MatchCard Science Osmosis, Transpiration and Translocation Worksheet
Objective: Trace the transport of water and nutrients inside the plant.
MatchCard: Download below.
MatchCard Information Pieces define osmosis, translocation, and transpiration. They explain the function of
- Root hairs
- Root Xylem
Ideas for projects are listed on the instructor's page and below.
Download and Use the Plant Transpiration and Translocation MatchCard
This is MatchCard #7
of the Botany Unit Study. See below for teaching ideas and the use of MatchCards.
Osmosis, transportation, and translocation are the methods used for water and nutrient transport in plants.
It all starts in the ground with osmosis. Osmosis is the passive movement of water from an area of high concentration to an area of low concentration.
Root hairs are tiny projections from the root that transport water into the roots of the plant.
The root xylem are fibers that tranport water from the cells of the roots up towards the stem.
Translocation is the movement of nutrients from one part of the plant to another.
Vessels which transport nutrients
through the plant by active transport.
Glucose is the major nutrient carried. The phloem carry nutrients down
the stem towards the roots. They also deposit glucose in the fruit of the plant.
The sap in a tree is a common example of the flow of phloem.
The phloem are comprised of living cells.
Xylem are the vessels that carry water
from the root to the leaves through the stem.
In addition to water, minerals from the soil is also carried in the xylem. There is an upward
movement away from the roots.
Transport of water is carried out through a number of processes including negative pressure (sucking) from transpiration - described below. Active transport and water pressure in the roots also play a role.
The xylem are comprised of non-living cells. The xylem are well-known for their role of adding a new ring each year to the inside of a tree trunk.
Many sources refer to translocation only as the flow through the phloem and not as movement of water and minerals through the xylem. The important point for younger students is that phloem is taking nutrients downward and xylem is taking water and minerals from the soil upward.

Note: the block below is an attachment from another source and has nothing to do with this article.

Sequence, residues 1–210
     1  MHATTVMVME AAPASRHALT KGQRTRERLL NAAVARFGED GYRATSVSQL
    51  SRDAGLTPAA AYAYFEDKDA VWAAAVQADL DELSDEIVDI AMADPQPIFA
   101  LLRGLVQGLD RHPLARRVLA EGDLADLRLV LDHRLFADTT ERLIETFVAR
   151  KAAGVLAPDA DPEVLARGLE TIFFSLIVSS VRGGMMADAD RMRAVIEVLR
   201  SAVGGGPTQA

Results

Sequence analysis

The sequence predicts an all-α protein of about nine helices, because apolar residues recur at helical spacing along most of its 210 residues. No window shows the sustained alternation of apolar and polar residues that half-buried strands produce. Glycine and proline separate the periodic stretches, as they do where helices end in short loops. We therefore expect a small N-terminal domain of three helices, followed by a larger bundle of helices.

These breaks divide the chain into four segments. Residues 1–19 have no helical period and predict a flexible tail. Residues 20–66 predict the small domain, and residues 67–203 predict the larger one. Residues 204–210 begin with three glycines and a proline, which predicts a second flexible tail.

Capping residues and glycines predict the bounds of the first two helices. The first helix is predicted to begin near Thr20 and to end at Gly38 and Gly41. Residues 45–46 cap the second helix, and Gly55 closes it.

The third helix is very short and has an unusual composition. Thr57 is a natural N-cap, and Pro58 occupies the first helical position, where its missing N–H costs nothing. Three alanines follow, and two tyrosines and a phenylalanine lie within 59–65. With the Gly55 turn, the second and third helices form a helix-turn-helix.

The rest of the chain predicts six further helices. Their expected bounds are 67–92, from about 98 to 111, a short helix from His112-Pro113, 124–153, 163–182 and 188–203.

The evaporation of water out of the plant causes an upward movement of water called transpiration. As the water evaporates from the leaf, it causes suction - somewhat like the process of sucking on a straw. This negative pressure causes water to move from the roots upward through the xylem in the stem.
Stoma are the pores of the leaf which allow water to evaporate.
Osmosis In A Potato (or carrot)
For this demonstration you will need:
- A baking potato cut in half
- Two cereal bowls
- 2 tablespoons of salt
This is an easy way to watch osmosis. Put one potato cut-side down in a bowl with 1/4 cup of water. Put the other potato in the other bowl which has the salt added to the water.
Remember the potato has a small amount of salt in it. The salt water has a lot of salt. The fresh water has almost no salt (There may be a very small amount of salt in some tap water.)
Leave the potatoes to sit for three hours.
Meanwhile, make some predictions. With the potato sitting in salt water, which way will the water flow? (Hint: from area of low salt concentation to high salt concentration.) Which way will the water flow with the potato in fresh water?
You can also do this experiment with two carrots instead of potatoes.
Water Transport in Celery (or Carnations)
This experiment allows students to see the vessels (phloem and xylem) after
water is translocated upward through the xylem.
- Red food dye
- A long stalk of celery
- 1/2 cup of water in a clear drinking glass
Dye the water red, and then put the standing upright into the water in the glass. Check it every hour to watch the process of translocation as water moves upward through the xylem.
Once an hour, take the celery out and look at the bottom. Can you see the xylem and phloem?
This can be done with white carnations and different colors of dye. Eventually, the flower will turn the color of the food dye.
As a variation, carefully split the stem from top to bottom of one flower. Put one part of the stem in a glass with one color of dye, and the other part of the stem in another glass with a different color. Viola: a multi-colored carnation.
Botany Science Experiment
Change one factor and experiment to see if it changes the rate of translocation. Here are some elements that may be modified:
- Fresh vs wilted plants
- Salt in the water
- Sugar in the water
- The temperature of the water
- Presence or absence of sunlight
Don't forget to develop your hypothesis and carefully design your experiment.
Transpiration in a House Plant
- Small house plant
- Glass cover (like a bell shaped cover on a terrarium) or wide mouthed glass jar
- Optional: celophane kitchen wrap
Make sure the plant has enough water to make the soil moist. Then put the plant in sunlight for an hour. Watch the beads of moisture that have evaporated on the glass.
Some of the moisture may be from water that evaporated from the soil into the air of the plant. To prevent the evaporation of water from the soil into the jar, wrap the base of the plant with celophane, and then put celophane over
the soil to prevent evaporation into the top of the jar.
Botany Science Experiment
If you change one variable, will it affect the amount of water that is evaporated from the plant?
How could you measure the amount of water? If you have a precise scale that measures grams, you can weigh tissues before and after they have wiped the moisture off the glass.
What variables could you change? Here are a few to consider:
- Different types of plants
- Different sizes of leaves of the same type of plant
- Presence of fertilizer in the soil
- Thickness of the glass cover
- Shape of the glass cover